And that’s entirely right; I don’t. But what I’m learning that I do need is a space to openly admit the exact boundaries of my failings; to examine them with considerate and compassionate eyes, and to find validation that they don’t in fact make me the terrible monster my shame would gleefully tarnish me as.

There aren’t many people in the world, I don’t believe, who can hold space for that kind of deconstruction of events, particularly in the throes of conflict, so it’s not that I should try to do this the in the raw, unfolding moment. But I’d probably be better served removing myself before I start to hear the defensive claims of victimhood or rationalisation gush from my lips. Take a breath, take a step back, save it for later. Save it for a space where I can tip all the failings onto the floor, and sift through for the pieces that are mine.

And then fucking loudly announce to the world which pieces are mine, and revel in the freedom of the proclamation.

Insignificance

I’ve spent a lot of my day poring over data for my master’s thesis. The data is messy, and deciding how best to deal with it has required some furrowed brows.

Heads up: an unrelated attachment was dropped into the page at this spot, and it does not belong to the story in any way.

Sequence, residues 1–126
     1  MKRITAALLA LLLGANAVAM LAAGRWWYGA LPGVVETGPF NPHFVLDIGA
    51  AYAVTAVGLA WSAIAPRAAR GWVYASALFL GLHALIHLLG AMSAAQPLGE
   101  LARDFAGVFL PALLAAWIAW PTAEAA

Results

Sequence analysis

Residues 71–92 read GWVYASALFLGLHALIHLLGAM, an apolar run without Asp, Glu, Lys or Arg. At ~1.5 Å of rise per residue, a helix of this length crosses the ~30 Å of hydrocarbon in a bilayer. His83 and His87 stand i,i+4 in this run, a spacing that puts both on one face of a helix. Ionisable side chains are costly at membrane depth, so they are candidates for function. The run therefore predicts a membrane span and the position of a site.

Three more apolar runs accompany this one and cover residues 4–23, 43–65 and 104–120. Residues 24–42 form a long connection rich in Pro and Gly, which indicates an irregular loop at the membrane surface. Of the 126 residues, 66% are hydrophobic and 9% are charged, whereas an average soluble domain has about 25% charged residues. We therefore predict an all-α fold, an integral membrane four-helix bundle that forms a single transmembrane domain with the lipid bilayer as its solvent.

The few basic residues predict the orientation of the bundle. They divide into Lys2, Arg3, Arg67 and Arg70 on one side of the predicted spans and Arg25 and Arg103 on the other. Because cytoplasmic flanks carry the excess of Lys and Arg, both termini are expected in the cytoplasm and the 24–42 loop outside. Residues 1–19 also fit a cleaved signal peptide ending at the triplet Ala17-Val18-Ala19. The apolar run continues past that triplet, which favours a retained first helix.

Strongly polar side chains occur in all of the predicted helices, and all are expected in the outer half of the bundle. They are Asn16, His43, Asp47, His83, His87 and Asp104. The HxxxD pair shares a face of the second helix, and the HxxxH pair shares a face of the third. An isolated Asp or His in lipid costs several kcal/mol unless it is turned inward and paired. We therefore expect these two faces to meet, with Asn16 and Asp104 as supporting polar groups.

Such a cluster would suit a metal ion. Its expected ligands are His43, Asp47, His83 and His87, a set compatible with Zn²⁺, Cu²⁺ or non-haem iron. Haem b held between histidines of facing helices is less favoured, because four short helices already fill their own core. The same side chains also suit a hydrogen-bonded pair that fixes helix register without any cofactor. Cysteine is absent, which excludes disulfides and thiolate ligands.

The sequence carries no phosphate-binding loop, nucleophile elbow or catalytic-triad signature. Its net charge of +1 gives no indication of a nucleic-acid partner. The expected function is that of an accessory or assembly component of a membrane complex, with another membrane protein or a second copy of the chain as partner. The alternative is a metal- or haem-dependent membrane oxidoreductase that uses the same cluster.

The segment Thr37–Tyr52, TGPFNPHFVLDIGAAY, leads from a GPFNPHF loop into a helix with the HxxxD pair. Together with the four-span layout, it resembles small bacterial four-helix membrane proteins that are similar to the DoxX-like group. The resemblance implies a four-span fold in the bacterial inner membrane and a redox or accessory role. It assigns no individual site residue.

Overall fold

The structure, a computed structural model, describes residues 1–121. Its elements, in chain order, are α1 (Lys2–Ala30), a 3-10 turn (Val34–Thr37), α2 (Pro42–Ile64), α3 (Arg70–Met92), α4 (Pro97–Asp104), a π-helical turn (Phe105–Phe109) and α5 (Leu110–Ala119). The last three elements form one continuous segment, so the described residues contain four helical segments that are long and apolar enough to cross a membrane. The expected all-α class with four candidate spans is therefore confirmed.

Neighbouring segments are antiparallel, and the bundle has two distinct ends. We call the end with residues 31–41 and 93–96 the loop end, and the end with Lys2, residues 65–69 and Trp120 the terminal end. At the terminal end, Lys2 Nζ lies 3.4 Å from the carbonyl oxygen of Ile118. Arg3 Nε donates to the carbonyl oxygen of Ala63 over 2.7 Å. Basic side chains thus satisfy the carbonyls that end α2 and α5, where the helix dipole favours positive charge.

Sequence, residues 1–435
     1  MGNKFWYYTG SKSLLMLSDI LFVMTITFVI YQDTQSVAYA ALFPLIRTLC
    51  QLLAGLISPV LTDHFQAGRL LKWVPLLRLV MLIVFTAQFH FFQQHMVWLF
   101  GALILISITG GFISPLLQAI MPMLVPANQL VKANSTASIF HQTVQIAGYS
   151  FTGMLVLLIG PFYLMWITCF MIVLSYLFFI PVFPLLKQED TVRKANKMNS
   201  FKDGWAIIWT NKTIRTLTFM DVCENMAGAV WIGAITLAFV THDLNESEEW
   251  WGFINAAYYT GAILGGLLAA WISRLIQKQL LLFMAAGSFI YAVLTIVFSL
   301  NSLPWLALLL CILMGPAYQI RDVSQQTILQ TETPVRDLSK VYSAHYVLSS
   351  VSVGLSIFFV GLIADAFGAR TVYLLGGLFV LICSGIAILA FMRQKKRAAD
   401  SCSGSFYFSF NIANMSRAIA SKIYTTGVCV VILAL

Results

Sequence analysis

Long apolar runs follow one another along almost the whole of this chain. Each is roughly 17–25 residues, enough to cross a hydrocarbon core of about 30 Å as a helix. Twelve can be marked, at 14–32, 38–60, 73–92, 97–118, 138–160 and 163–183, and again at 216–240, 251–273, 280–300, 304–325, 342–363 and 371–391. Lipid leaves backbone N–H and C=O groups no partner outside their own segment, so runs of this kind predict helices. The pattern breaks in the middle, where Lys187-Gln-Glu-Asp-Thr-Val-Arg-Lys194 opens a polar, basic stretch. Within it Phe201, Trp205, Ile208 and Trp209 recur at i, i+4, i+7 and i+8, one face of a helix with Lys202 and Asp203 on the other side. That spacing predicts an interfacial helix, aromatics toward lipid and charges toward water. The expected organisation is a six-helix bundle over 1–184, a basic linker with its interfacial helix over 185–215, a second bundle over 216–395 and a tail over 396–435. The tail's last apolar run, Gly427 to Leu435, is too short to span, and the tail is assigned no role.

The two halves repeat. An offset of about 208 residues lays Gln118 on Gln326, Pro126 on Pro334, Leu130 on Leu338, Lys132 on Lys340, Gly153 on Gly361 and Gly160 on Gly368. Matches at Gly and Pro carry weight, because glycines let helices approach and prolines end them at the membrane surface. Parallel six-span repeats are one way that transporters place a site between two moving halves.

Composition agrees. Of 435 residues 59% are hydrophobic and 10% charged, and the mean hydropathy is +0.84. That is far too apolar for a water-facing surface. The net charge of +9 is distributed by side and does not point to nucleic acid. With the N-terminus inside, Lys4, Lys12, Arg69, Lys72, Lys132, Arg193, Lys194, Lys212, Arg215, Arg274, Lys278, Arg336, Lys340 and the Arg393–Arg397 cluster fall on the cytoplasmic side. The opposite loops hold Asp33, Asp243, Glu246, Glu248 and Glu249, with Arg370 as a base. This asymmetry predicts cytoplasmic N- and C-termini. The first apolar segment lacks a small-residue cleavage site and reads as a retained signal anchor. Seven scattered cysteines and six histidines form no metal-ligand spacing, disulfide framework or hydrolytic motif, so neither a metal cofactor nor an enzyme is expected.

In the end, my furrowed efforts were not fruitful – at least not in the traditional sense.

I have yielded insignificant results.

Now, the level of insignificance is actually rather startling, so I’m not over the paranoia that I’ve in fact just gone wrong somewhere. But, assuming the insignificant results are truly insignificant, well, that’s actually rather significant.

The thing one would expect based on existing knowledge is not true. The thing one would expect based on intuition and common sense is not true. Something else is true instead.

A research paper with a question mark instead of a full stop is not desirable. It’s acceptable, but not favourable. It’s disappointing.

Much more satisfying is to tie everything up with a neat little bow. This is what we seek to do. This is what success looks like.

We are rewarded for the successes.

But we are rewarded by the failures.

It’s the failures that keep us moving forwards.

My slothful soul

I fell asleep yesterday evening right after putting my son to bed. I retreated to my room not long after seven, intending to unwind with YouTube for half an hour, and then it was 22:07 and I was groggily weighing up the pros and cons of dragging the laptop over and pushing out some words.

Cons won. I went back to sleep and woke up at about four-thirty with a trapped nerve in my neck as punishment.

It’s the first time in nearly three months that I’ve wilfully failed to post daily. Once, or maybe twice, I genuinely forgot, and a couple of times I technically posted after midnight, but this was different. This was ON PURPOSE. I must repent before the Devil of Lethargy claims my slothful soul!

Or maybe, whispers the Devil of Lethargy, posting once every couple of days works out better for you anyway…